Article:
Sveto mesto (A Holy Place, 1990) is based on a literary classic, Nikolai Gogol's 1835 short story, 'Viy'. However, Kadijevic uses it only as a starting point for his own explorations into the dark side of eroticism. Gogol's story deals with Toma, a reluctant theology student who is forced to read the Psalms over an (un)dead girl for three nights in a row. All the while supernatural forces are trying to grab him from the Holy Circle drawn on the church floor. Kadijevic adapts and enriches 'Viy' by inventing a new backstory for the witch-girl and her father. The dead girl, Catherine (unwittingly killed in the prologue, while in the shape of a hag), is referred to as a 'saint' and her father is a harsh and unpleasant man. Kadijevic departs further from the original story, and introduces an excess of perversity and horror more reminiscent of the Anglo-American gothic than the milder Slavic attempts in a similar mode. Incest is the name of the game here.


Đorđe Kadijević


Branka Pujić
as Katarina
Aleksandar Berček
as Gospodar Županski
Mira Banjac
as Gospodarica Županski

Movie Reviews

Reviewed by judex N/A

Excellent! Another great chiller from the maker of "Leptirica". .

It took Mr. Kadijevic almost 20 years to bring to screen another masterwork. A great Gogol's story and a lot of style and skill. A scary stuff they (he) used to make and ,even then, so rarely. I shall see it again.

Reviewed by melvelvit-1 8 /10

An atmospheric -and very adult- adaptation of Gogol's "The Viy"

Three seminary students are walking home from a fair when one of them, Toma, is almost hit by a carriage containing a beautiful woman no one else sees. As evening draws near, the trio come upon an isolated farmhouse and ask the old woman who lives there if they can spend the night lest they be set upon by wolves. She agrees and later on, in the middle of the night, she comes to Toma and starts taking off her clothes. When Toma rebuffs her, the old hag attacks him and rides him through the fields like a stallion but by reciting the Lord's Prayer, he's able to throw her (the way a horse would) and beat her to death - whereupon she changes into the beautiful lady in the carriage. Toma doesn't tell his friends what happened and the next day, the head of the monastery orders him to go to their benefactor's feudal estate and read prayers over the man's dead daughter for three consecutive nights. When he gets there and looks in the coffin, it's the young woman (?) he'd killed the night before...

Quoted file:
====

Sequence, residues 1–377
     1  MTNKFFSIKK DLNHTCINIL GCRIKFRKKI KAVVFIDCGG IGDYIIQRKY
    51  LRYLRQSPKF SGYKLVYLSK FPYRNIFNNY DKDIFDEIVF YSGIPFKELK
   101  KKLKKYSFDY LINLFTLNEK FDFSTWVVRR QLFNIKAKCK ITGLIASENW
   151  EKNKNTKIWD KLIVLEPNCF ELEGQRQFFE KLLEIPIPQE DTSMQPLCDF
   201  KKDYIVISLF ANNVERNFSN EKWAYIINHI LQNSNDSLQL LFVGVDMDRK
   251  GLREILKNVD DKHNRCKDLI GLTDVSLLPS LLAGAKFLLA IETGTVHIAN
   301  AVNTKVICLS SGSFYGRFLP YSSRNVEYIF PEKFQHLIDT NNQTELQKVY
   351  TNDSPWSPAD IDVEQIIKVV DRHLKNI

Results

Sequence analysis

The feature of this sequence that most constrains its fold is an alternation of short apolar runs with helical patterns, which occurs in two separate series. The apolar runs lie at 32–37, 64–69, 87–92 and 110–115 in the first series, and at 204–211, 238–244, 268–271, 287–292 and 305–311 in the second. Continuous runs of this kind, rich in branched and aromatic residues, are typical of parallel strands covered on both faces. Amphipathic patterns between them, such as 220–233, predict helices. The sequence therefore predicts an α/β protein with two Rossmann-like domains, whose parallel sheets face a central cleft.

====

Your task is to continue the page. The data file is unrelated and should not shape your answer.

This one's got it all- misty moonlight, howling wolves, hanging cobwebs, church crypts, cackling crones, a beautiful witch who rides men in more ways than one, a black cat in attack mode, a young man's hair turning white overnight, an erotic painting, superstitious villagers telling scary little stories in sepia-like flashbacks -and don't ask how the village idiot got that way (oh, OK, he was boinked senseless). Surprisingly, none of it's cheap, cheesy, or over-the-top and there's also nudity, lesbianism, and incest but even so, it's a terrific blend of sex & horror with a real sense of dread by the time the third night approaches. It's a good, "grimm" Eastern European fairytale for grown-ups -catch it if you can! The director's LEPTIRICA (1973) is also very good.

Reviewed by micic033 7 /10

Gogol would be proud of it!

I was very surprised to see the quality and effectiveness of this 1990. horror movie from Serbia. This is a genuine showcase of how the horror movie should be made. It has a strong story and character development, solid and in some times lustrous acting, creepy atmosphere and music, through all the movie (thanks to brilliant music score of Serbian late keyboardist Laza Ristovski).

The greatest thing about this movie is that there is no innocent person in this story (probably, likewise in real life). Everyone has his own dark secret... evil inside, that needs to be revealed. The same case is with the main character, too... Who is a priest BTW.

The main horror scenes are incredibly creepy and give you shivers in a spine. There is no blood, no torturing (besides mind torturing), no dismemberment of bodies... but, believe me, for a true horror fan, it will make a lasting impression.

There are more very good Serbian horrors like this one to be seen. For curious worldwide horror fans I recommend - Leptirica, Variola Vera and Davitelj protiv davitelja. They are lucid and interesting... Well, at least on a Serbian way.

I do recommend another older Russian version of this movie, too. It's called Viy, like the Gogol's novel. It has its own qualities, on a different way from the Serbian version.

On the end, for Serbia, this is remarkable horror movie!

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